Thursday, 26 April 2012

BlackBerry-maker RIM’s turnaround countdown

 BlackBerry-maker RIM’s turnaround countdown
April 26, 2012 Josh Rubin
How much time does BlackBerry maker Research in Motion have to turn itself around? It depends who you ask. Billionaire investor Prem Watsa, whose Fairfax Financial took a five per cent stake in the Waterloo-based firm earlier this year, figures RIM has three to five years, thanks largely to its relatively-solid balance sheet.

Research analysts who cover RIM, however, see a much shorter timeframe for the company, whose market share and stock price have plunged.
Watsa launched an impassioned defence of RIM Thursday, saying there’s still plenty of life in a company being written off by many observers.
“All of you are using BlackBerrys and you don’t think the company’s going to survive,” said Watsa, speaking with reporters after addressing shareholders at Fairfax’s annual general meeting. Watsa pointed to each journalist at the table, asking them one by one what kind of smart phone they had.
Meanwhile Thursday, RIM shares rose more than 70 cents in morning trading, and have climbed 9 per cent this week. That followed a blog report that the company could be unveiling a new phone using the BB10 operating system by August. RIM shares jumped 48 cents to close at $13.90 in trading on the TSX, after earlier rising as high as $14.19.
Over the last 18 months, RIM shares have plunged 90 per cent, as the company’s share of the smartphone market has dropped, particularly in North America.
Still, Watsa brushed that aside, and brushed off a question comparing RIM’s decline to the fall of Nortel Networks, another formerly high-flying Canadian technology firm, which ended up declaring bankruptcy and having its portfolio of patents auctioned off.
“I take confidence in the $2.1 billion in cash, and no debt. . . . These are completely different circumstances than Nortel,” said Watsa.
Watsa eventually sees RIM’s business — and its share price — turning around.
“Will it happen in three months, six months or nine months? No,” said Watsa, who called it a three- to five-year turnaround scenario.
Research analysts, however, question whether RIM can wait that long.
“Three to five years is a lifetime in the smartphone/handset market. . . . If RIM doesn’t turn things around in the next 12 months, then it is hard to fathom they still have $2.1 billion in cash with no debt, let alone then have the scale or market share to finally turn things around in 3 to 5 years,” said Mike Walkley, managing director and communications technology analyst at Canaccord Genuity.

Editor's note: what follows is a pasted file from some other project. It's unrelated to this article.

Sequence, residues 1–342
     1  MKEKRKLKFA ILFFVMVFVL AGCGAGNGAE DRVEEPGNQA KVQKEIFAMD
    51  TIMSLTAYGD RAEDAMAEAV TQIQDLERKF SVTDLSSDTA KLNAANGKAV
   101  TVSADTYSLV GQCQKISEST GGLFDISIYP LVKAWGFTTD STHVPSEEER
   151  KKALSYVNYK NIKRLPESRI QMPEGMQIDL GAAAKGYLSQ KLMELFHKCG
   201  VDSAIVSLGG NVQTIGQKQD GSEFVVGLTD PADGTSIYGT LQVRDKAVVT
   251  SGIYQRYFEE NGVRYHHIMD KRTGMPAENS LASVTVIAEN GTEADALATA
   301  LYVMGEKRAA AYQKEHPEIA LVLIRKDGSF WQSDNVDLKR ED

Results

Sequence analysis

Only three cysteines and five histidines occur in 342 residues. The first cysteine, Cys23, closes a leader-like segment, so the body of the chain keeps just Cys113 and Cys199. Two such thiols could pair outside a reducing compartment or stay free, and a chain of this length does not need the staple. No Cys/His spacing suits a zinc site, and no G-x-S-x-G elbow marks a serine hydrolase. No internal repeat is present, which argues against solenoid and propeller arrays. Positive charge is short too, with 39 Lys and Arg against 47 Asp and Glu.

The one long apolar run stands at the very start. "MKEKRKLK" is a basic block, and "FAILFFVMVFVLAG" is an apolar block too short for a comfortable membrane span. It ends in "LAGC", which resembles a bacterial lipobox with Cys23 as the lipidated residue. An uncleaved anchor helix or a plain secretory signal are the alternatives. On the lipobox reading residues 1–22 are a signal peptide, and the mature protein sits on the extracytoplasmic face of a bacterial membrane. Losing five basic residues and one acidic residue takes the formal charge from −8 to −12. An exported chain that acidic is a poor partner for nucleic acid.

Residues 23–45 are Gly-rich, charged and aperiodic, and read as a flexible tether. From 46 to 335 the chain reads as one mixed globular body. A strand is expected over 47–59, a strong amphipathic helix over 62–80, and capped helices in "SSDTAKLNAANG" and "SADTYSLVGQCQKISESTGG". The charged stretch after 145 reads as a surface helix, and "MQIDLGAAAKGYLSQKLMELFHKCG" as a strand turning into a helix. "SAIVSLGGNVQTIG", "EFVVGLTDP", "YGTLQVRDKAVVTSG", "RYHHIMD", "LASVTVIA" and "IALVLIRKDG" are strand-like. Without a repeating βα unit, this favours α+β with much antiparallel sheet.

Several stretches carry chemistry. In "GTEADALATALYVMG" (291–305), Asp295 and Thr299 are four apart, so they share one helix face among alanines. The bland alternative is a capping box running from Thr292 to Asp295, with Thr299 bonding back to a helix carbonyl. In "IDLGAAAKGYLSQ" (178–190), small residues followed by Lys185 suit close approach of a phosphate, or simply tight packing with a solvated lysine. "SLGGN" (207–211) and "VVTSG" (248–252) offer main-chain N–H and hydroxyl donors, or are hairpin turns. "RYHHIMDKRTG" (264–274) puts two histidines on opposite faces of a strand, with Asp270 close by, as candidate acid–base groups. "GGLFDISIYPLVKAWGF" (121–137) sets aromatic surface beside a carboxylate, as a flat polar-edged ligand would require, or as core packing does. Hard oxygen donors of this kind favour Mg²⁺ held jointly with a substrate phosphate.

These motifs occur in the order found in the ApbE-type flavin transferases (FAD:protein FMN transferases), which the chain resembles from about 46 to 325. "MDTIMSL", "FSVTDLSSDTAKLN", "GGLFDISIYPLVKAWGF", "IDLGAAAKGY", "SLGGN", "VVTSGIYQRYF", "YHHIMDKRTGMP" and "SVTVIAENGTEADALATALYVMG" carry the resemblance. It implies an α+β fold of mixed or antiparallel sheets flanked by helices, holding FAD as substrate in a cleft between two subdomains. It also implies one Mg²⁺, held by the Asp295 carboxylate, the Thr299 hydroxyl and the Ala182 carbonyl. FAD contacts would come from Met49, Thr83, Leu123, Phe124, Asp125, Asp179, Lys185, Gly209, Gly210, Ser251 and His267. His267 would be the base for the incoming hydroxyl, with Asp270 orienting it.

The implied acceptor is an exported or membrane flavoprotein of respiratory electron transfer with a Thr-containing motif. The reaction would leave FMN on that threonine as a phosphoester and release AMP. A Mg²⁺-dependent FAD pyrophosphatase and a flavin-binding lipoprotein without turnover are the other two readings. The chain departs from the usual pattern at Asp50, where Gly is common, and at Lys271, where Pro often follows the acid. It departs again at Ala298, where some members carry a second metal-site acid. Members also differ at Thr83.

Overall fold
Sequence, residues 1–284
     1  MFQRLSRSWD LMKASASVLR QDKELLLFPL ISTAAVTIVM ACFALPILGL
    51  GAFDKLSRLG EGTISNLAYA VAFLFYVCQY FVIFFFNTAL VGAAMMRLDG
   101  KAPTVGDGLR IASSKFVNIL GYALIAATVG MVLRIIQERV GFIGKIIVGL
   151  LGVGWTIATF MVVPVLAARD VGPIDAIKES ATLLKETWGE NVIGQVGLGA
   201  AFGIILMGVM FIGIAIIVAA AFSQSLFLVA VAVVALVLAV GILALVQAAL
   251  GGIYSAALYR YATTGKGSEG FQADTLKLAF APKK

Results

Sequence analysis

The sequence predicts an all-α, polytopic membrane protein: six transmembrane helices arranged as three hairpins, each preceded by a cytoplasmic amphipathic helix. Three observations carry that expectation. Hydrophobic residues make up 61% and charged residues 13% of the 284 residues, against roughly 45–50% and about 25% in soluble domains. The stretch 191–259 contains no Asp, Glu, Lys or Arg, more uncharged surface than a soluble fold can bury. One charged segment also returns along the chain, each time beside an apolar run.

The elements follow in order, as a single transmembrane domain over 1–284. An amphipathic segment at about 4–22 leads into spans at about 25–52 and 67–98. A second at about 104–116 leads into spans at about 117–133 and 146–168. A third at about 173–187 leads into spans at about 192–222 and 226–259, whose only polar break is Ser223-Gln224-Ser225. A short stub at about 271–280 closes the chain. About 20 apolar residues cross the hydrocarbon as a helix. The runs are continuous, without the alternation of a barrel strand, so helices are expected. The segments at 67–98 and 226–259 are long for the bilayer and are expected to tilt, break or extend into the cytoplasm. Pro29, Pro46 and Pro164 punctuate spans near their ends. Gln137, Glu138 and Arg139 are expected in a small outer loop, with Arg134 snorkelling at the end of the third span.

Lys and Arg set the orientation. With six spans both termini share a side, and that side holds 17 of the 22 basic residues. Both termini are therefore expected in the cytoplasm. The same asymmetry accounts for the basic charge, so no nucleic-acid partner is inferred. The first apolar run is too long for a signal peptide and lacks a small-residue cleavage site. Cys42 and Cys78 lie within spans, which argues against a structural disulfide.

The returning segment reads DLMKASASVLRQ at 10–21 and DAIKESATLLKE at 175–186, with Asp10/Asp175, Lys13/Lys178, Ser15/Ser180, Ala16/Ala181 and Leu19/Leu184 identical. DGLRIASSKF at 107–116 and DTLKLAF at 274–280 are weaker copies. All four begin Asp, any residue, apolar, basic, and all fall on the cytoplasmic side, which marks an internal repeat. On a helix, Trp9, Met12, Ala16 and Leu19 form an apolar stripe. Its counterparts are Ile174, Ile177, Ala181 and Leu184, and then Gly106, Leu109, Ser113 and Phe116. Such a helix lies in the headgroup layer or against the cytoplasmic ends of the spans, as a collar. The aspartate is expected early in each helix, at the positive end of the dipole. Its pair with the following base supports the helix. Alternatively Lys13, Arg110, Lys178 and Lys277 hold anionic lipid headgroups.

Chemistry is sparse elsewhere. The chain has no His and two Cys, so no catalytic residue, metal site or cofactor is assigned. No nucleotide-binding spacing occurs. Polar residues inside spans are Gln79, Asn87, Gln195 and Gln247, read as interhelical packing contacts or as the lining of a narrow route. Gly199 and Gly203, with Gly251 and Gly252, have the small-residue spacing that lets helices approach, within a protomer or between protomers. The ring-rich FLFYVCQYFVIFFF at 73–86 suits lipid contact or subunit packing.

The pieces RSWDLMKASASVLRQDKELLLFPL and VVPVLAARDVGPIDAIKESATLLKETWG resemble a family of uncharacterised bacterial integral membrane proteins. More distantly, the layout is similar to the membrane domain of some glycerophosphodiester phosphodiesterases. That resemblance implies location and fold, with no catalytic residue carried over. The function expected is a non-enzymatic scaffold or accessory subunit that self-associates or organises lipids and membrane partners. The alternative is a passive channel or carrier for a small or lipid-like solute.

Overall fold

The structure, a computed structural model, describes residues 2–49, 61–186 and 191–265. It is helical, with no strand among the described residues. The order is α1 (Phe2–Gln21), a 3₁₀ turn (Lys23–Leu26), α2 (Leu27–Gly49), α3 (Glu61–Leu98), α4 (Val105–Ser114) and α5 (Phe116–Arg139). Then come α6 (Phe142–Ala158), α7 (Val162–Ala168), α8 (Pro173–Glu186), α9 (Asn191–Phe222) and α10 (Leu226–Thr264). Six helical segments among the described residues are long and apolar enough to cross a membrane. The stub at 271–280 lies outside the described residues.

Walkley said when Apple introduced the iPhone five years ago, RIM and other would-be competitors weren’t concerned. During the December quarter, Walkley pointed out, Apple had 85 per cent of the profits in the entire handset industry.
Trying to read the tea leaves several years out can be tough, agreed analyst Kevin Dede of Auriga USA.
“The smartphone market has been the fastest-changing consumer electronics market ever. It’s just amazing when you think about it,” said Dede. RIM is far from the only player whose market share — and share price — has risen and plunged dramatically in a relatively short time.
“Look at HTC. Look at Nokia,” said Dede.
One comparison which isn’t fair though, said Dede, is Palm. The company which popularized personal digital assistants (PDAs) was taken over by Hewlett Packard after its market share plunged. HP eventually closed Palm entirely, relegating a former tech star to history’s dustbin.
“Palm had a huge amount of debt. RIM doesn’t. RIM has as much time to turn around as their balance sheet will allow,” said Dede.
Watsa urged other investors and analysts to be patient with new CEO Thorsten Heins.
“You’ve got a terrific manager in Thorsten Heins,” he added. “Don’t second-guess every second move he makes. Let him do it.”
Watsa also said he wouldn’t have invested in RIM if company founder Mike Lazaridis weren’t still on the board.
Still, Watsa said he didn’t have any plans to boost Fairfax’s stake in RIM.
“The company is worth $7 billion. Five per cent of that is a lot of money,” said Watsa.
Sale rumours have swirled since RIM’s most recent quarterly earnings report, in which the company said it had lost $125 million. Heins said the firm would be undergoing a strategic review, which could include steps such as licensing its software, or potentially, a sale.

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